Annex G – Particular Difficulties in Children Cases

Annex G – Particular Difficulties in Children Cases We consider it important that the Legal Services Commission should work together with the courts “to find a way forward” in relation to the appointment and funding of experts in public law proceedings. We would like to make comments about two observations in Annex G: (a) it is

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Questions

Questions: We turn now to looking at some of the specific questions posed in section 4 of the consultation paper. Question: What are your views on ‘proportionality’ of costs in family cases? Because the court retains control over the number, and type, of experts instructed, it will rarely be the case that a set of

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Use of Experts in Family Cases

Use of Experts in Family Cases: Shortage of quality experts in family cases: We understand the commitment of the Legal Services Commission to delivering services that meet the needs of clients, and deliver value for money to the taxpayer. We welcome the recognition that “there is a shortage of experts in some specialisms – particularly of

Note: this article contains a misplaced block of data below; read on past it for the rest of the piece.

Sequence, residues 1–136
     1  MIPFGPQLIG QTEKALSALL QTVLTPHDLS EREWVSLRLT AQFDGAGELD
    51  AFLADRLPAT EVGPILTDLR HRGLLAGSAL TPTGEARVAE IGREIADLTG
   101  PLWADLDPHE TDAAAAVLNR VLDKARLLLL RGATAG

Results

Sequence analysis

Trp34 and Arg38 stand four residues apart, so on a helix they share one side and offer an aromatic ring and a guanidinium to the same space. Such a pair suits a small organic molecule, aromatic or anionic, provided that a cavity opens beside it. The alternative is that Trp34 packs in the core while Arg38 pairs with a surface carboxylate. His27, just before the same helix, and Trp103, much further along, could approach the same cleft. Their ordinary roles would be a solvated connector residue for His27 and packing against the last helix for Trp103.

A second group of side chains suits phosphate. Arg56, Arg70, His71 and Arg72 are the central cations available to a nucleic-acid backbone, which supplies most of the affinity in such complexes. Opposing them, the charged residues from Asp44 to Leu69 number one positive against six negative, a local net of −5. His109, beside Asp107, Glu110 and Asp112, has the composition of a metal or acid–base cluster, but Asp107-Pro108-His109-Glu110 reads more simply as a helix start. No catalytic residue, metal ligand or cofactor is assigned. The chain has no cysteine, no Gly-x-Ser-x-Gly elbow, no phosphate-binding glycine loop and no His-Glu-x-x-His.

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Family Justice Council

General Observations: The Family Justice Council (“FJC”) is profoundly concerned at the shortage of experts willing to provide opinion evidence in family cases. The pressure which has been placed on medical experts, particularly paediatricians, following recent widely publicised criminal cases, has had a direct effect on family cases.  That pressure exacerbates an already difficult situation

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More-Family Justice Council

We note that it is: “The commission’s long-term aim… to arrive at a position where all experts, who are regularly instructed in Commission-funded cases, are accredited”. We acknowledge the Commission’s recognition of the risk that “accreditation proposals may discourage experts in specialisms, where there is a shortage of those willing to carry out forensic work,

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